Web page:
NuvaRing is a popular internal birth control device, which was approved by the Food and Drug Administration (FDA) in 2001 and marketed and sold by subsidiaries of Merck, Organon USA Inc. and Schering-Plough. Currently, over a thousand NuvaRing lawsuits have been filed around the country alleging that female users of the medical contraceptive suffered serious side effects as a result of using the NuvaRing birth control.
In October 2011, the FDA published a study revealing that NuvaRing raised the risk of blood clots, including deep venous thrombosis (DVT) and pulmonary embolism (PE) by 56% when compared to older birth control pills. The authors of the report concluded that the device was linked to “a significantly higher risk of VTE relative to low-estrogen comparators.”
Researchers have long suspected the risk of NuvaRing side effects involving blood clots. A study published on May 10, 2012 in the British Medical Journal described a 10-year investigation that began in 2001. The study revealed that women who used a vaginal ring had a 6.5 times higher risk for developing blood clots compared to non-users of hormonal contraception of the same age. As published on February 28, 2012 in Merck & Co., Inc. form 10-K annual report for the fiscal year 2011, approximately 950 NuvaRing lawsuits were pending as of December 31, 2011. The plaintiffs seek damages for injuries allegedly sustained from their NuvaRing use, including some alleged deaths, heart attacks and strokes.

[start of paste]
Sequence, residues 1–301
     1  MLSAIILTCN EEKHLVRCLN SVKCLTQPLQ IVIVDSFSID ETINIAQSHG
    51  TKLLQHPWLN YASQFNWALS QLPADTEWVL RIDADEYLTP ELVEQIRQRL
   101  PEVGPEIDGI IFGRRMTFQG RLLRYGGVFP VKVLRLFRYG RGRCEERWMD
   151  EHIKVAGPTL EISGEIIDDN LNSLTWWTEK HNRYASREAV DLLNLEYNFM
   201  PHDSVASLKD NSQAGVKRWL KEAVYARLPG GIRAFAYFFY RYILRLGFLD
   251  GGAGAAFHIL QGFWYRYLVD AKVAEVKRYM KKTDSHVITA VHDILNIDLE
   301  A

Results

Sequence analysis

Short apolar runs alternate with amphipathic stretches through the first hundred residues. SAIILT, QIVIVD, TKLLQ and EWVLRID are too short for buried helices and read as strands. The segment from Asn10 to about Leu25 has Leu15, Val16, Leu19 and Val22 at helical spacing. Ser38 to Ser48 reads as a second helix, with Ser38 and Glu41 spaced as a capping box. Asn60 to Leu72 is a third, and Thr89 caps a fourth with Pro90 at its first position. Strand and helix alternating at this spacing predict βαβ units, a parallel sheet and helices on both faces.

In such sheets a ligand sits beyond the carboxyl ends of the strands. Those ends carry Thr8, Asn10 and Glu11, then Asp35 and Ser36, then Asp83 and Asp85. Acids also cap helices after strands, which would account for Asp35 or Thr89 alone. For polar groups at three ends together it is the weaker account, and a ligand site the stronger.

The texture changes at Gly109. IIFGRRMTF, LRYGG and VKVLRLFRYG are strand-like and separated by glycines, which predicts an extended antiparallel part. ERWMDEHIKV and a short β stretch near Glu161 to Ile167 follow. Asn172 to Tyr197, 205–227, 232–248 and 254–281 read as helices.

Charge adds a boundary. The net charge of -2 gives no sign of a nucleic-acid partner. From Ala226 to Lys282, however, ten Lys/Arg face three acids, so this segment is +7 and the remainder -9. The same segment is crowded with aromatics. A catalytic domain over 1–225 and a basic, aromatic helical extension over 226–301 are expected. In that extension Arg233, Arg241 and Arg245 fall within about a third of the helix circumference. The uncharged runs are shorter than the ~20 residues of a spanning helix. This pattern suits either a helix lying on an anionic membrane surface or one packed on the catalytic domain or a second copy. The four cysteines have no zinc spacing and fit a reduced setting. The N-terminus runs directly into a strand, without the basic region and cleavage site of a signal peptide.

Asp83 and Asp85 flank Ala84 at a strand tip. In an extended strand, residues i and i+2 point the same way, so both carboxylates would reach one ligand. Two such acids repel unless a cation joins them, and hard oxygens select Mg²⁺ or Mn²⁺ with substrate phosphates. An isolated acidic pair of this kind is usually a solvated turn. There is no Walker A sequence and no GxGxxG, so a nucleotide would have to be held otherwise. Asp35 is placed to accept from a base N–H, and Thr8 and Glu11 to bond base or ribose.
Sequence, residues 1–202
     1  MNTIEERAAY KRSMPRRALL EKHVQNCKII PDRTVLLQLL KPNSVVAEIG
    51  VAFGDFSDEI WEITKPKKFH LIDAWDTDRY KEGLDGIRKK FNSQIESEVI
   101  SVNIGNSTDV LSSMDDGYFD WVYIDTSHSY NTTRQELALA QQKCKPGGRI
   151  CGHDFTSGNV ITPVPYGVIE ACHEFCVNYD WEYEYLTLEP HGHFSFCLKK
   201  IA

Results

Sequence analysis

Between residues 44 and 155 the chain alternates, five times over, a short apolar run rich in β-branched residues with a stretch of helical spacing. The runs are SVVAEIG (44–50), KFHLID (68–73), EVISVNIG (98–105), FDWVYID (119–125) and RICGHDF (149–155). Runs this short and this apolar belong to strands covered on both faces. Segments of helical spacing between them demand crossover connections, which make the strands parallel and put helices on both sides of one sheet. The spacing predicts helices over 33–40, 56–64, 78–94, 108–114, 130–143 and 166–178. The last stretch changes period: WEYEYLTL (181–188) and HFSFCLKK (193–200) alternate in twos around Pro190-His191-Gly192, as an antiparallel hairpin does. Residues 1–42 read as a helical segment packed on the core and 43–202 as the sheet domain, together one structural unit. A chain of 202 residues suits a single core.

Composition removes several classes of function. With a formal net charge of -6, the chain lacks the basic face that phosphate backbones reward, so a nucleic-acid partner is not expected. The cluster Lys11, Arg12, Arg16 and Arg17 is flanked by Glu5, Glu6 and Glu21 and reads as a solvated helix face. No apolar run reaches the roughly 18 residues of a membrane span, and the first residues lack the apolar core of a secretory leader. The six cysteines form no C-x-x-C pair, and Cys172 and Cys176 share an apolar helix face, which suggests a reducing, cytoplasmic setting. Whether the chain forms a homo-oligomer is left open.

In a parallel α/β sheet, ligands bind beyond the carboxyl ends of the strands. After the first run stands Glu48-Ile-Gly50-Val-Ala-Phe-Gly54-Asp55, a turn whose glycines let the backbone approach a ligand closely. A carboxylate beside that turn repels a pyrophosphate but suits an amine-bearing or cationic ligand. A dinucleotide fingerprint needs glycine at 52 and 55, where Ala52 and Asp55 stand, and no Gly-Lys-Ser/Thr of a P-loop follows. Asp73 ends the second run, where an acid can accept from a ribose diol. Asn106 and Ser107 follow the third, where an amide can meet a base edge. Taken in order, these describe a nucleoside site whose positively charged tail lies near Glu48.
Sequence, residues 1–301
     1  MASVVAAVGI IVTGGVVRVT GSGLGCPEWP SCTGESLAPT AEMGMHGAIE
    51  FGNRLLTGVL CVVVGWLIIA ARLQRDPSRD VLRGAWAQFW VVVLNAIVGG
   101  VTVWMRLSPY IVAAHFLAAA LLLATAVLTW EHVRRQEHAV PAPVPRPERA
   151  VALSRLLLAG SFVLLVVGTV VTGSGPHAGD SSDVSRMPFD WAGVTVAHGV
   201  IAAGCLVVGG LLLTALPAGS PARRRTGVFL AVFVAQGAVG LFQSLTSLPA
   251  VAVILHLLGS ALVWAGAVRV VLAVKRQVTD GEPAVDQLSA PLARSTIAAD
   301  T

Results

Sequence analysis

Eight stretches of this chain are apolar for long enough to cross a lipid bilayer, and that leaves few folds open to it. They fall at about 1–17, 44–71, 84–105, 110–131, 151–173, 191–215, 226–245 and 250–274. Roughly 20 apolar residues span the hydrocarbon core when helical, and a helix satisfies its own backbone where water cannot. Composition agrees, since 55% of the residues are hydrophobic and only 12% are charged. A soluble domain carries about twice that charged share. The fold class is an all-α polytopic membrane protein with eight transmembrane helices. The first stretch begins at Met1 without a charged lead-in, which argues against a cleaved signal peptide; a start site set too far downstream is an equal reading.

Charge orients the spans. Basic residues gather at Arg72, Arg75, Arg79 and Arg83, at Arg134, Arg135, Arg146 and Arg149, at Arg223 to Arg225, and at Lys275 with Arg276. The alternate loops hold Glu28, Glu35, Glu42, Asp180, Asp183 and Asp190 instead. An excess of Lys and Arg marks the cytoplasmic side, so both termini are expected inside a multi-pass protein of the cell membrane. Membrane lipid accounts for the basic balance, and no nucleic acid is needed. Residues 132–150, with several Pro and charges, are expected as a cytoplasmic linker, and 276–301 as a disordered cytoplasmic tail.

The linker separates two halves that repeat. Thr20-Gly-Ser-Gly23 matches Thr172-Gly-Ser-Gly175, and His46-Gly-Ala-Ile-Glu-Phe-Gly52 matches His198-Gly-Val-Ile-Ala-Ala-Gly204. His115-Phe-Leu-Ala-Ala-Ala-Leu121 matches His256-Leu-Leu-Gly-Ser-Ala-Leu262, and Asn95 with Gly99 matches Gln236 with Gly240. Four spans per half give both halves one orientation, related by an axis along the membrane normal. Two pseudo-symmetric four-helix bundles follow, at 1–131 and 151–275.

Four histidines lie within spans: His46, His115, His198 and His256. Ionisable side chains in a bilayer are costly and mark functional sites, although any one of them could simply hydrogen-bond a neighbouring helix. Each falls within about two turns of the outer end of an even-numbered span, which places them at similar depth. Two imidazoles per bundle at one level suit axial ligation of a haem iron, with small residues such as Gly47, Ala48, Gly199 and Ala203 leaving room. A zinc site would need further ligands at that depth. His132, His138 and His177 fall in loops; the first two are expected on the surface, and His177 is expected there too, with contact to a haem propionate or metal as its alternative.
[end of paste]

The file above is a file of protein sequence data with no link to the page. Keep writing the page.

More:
Many women using this form of contraceptive have developed blood clots in their legs (DVT). The biggest danger with DVT is that clots might break free of the blood vessels, and travel to the lungs. This causes a pulmonary embolism, a potentially fatal event.
A growing number of women have reported developing blood clots after using NuvaRing. Some have suffered from pulmonary embolism, stroke, and cardiac problems. Nearly 1,000 NuvaRing lawsuit complaints had already been filed against the manufacturer by the end of 2011.